Oregon

The Equal Rights for Women Initiative (Measure 89) — also known as the Equal Rights Amendment — will amend the state constitution to ensure that no state or political entity can infringe upon or deny a woman of her rights, privileges or immunity as a citizen because of her sex. Oregon’s current ban on sex discrimination is based on case law, and because it is not explicitly written into the state constitution, the concept of sex equity is thus subject to the interpretation of different judges over time, says Leanne Littrell DiLorenzo, the president of VoteERA.org. “The reason an ERA is needed is to provide women the highest level of equal protection possible, so they’re not open to future Supreme Court judges reinterpreting case law or to the winds of political change.”

Setting an example for other states, Oregon and Illinois have introduced proactive measures to safeguard women's health and rights.

Setting an example for other states, Oregon and Illinois have introduced proactive measures to safeguard women’s health and rights.

The Equal Rights Amendment will also repeal current legislation that allows denial of these privileges so long as the denial is justified by a specific biological difference between men and women. With this measure on the ballot, Oregon’s voters have the opportunity to add Oregon to the list of 20 states that have made sure that women and men will be treated equally before the law, regardless of future legislators’ and justices’ personal opinions.

“Nobody can predict who our Supreme Court justices will be in the future,” former Washington County circuit court judge Nancy Campbell wrote in an opinion piece encouraging support for the amendment. “Without equality for women expressly written into the Oregon Constitution, Oregon women and girls will always be at risk of losing the gains they have made.”

The measure has garnered strong public support: an automated telephone interview poll conducted from February 22 to 24, 2013, by Public Policy Polling found that 80 percent of respondents believed that equal rights for men and women should be included in the Oregon Constitution. Twelve percent of respondents did not and 8 percent were unsure. The same poll further found that 75 percent of respondents would support a 2014 ballot measure to amend the constitution, while 16 percent would oppose and 10 percent were unsure. However, it is unclear if support for the measure remains that high in 2014, making it even more important for Oregon women to vote on Tuesday.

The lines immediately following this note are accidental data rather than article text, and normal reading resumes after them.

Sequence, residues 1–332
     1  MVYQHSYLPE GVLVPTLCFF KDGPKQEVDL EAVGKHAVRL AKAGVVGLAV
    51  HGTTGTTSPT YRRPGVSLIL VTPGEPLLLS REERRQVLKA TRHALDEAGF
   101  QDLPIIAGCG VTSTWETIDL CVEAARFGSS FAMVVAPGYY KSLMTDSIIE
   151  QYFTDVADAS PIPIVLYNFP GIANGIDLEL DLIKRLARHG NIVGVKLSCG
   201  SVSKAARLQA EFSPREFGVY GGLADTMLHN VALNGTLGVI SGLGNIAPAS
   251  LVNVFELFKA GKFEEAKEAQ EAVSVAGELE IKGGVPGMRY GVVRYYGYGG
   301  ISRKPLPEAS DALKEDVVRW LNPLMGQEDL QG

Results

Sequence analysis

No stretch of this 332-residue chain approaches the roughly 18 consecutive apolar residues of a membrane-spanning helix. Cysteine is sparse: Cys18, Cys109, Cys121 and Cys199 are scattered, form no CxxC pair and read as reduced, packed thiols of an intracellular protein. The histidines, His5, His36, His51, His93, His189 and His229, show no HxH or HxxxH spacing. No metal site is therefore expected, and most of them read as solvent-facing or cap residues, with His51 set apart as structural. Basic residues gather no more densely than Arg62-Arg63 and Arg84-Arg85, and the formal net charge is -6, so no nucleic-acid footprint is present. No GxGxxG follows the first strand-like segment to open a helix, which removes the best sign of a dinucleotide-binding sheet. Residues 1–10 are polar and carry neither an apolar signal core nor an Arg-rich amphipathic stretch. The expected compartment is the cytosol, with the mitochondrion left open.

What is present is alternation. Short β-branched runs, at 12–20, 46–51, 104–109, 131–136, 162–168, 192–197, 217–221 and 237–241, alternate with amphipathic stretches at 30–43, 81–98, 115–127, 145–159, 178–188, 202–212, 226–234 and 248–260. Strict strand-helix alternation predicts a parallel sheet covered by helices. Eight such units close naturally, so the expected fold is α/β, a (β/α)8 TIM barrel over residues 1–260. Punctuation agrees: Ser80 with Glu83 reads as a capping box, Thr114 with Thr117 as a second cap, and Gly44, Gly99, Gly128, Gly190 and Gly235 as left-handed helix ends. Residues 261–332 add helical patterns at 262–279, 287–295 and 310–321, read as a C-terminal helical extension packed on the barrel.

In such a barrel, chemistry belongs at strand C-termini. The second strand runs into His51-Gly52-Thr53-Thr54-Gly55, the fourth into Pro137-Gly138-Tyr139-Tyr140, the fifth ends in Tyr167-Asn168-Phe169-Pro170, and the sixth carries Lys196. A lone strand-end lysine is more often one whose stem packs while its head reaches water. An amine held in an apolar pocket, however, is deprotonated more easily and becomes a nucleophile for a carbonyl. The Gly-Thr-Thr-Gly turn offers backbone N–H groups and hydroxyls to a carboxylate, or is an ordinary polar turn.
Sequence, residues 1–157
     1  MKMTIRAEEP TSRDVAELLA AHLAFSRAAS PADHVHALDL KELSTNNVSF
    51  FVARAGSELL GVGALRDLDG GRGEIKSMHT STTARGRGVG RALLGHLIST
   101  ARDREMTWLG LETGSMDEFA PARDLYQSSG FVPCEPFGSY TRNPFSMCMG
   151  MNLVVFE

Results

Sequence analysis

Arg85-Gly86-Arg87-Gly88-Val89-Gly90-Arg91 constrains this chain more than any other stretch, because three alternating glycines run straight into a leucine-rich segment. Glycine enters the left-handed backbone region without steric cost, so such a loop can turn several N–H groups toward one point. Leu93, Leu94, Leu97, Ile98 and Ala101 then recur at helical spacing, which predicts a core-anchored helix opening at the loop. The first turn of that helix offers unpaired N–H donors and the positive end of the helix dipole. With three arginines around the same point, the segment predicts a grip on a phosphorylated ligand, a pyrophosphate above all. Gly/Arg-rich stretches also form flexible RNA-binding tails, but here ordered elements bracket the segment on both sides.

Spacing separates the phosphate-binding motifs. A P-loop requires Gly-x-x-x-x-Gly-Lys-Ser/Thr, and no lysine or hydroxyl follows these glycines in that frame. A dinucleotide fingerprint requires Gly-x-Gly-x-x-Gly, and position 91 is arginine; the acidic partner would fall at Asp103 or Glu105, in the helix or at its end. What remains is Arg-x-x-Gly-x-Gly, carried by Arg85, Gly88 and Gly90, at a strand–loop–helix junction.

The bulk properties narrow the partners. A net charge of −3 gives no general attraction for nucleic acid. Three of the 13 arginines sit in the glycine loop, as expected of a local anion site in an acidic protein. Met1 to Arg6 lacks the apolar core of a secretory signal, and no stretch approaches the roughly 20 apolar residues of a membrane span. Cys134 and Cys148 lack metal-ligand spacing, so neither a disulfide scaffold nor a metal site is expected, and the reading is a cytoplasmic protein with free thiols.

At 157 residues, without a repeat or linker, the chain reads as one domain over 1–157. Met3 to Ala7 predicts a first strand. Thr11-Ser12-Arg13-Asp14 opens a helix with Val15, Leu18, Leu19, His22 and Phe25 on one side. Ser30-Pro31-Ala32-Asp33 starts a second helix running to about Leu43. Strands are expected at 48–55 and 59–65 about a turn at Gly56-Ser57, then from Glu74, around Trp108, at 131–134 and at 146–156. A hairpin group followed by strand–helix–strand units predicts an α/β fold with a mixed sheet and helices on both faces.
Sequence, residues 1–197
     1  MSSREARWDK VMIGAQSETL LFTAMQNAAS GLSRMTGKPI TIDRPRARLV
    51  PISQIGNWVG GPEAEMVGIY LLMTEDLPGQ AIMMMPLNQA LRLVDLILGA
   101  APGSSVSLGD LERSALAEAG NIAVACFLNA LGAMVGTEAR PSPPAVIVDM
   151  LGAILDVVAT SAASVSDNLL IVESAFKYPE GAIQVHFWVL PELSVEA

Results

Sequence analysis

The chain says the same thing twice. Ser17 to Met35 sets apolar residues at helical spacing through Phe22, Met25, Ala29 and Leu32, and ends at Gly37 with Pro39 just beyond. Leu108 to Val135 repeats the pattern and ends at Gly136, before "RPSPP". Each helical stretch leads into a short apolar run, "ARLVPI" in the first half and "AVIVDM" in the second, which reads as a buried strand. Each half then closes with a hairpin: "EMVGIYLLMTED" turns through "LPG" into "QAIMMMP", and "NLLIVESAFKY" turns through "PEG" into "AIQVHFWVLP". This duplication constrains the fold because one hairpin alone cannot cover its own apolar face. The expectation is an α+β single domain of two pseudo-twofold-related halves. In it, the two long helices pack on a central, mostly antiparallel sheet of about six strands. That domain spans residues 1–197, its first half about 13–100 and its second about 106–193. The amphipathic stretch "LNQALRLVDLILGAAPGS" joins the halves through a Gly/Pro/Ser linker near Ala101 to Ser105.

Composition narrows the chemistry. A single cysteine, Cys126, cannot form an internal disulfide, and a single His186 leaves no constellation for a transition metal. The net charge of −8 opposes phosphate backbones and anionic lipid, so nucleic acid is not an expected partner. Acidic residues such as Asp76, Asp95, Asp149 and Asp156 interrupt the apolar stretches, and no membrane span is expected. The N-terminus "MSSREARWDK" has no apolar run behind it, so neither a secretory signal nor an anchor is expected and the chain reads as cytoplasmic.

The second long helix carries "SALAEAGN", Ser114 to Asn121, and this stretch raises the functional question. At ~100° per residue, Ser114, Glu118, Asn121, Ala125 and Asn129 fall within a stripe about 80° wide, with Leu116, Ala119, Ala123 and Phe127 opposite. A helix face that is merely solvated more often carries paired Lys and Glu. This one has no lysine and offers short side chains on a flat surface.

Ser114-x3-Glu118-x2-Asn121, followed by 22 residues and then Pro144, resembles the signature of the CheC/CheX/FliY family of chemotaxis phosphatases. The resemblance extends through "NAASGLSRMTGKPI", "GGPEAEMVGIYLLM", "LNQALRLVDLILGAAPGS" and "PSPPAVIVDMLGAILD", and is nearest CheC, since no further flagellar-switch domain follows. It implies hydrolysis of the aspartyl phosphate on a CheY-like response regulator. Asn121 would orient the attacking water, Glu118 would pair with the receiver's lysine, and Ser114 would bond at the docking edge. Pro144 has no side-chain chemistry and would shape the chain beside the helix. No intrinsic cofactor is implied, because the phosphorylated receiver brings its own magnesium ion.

Illinois

Voters in Illinois will have the opportunity to vote on whether prescription birth control should be covered in health insurance plans that cover prescription drugs. This move is on the ballot as a non-binding advisory question and will not directly enact any laws or amendments. However, this advisory question is still extremely important.

The Illinois legislature placed this measure on the ballot in the wake of the Supreme Court’s Hobby Lobby decision that severely threatens women’s reproductive rights. Widespread voter support for this measure has the potential to send a strong statement to Illinois state officials regarding access to birth control as a basic health care right for women — and since the state legislature put it on the ballot, it is likely to respond to this public endorsement by passing relevant legislation.

Nationwide: Reproductive rights on the line

In the 2010 elections, anti-choice politicians seized control of many state legislatures, vowing to focus on the nation’s economic challenges. Once elected, however, these same lawmakers abandoned their promise and instead launched a War on Women, taking every opportunity to further chip away at women’s autonomy. More restrictions on abortion were passed between 2011 and 2013 than in the entire preceding decade, according to the Guttmacher Institute — and 2014 is keeping up with that trend.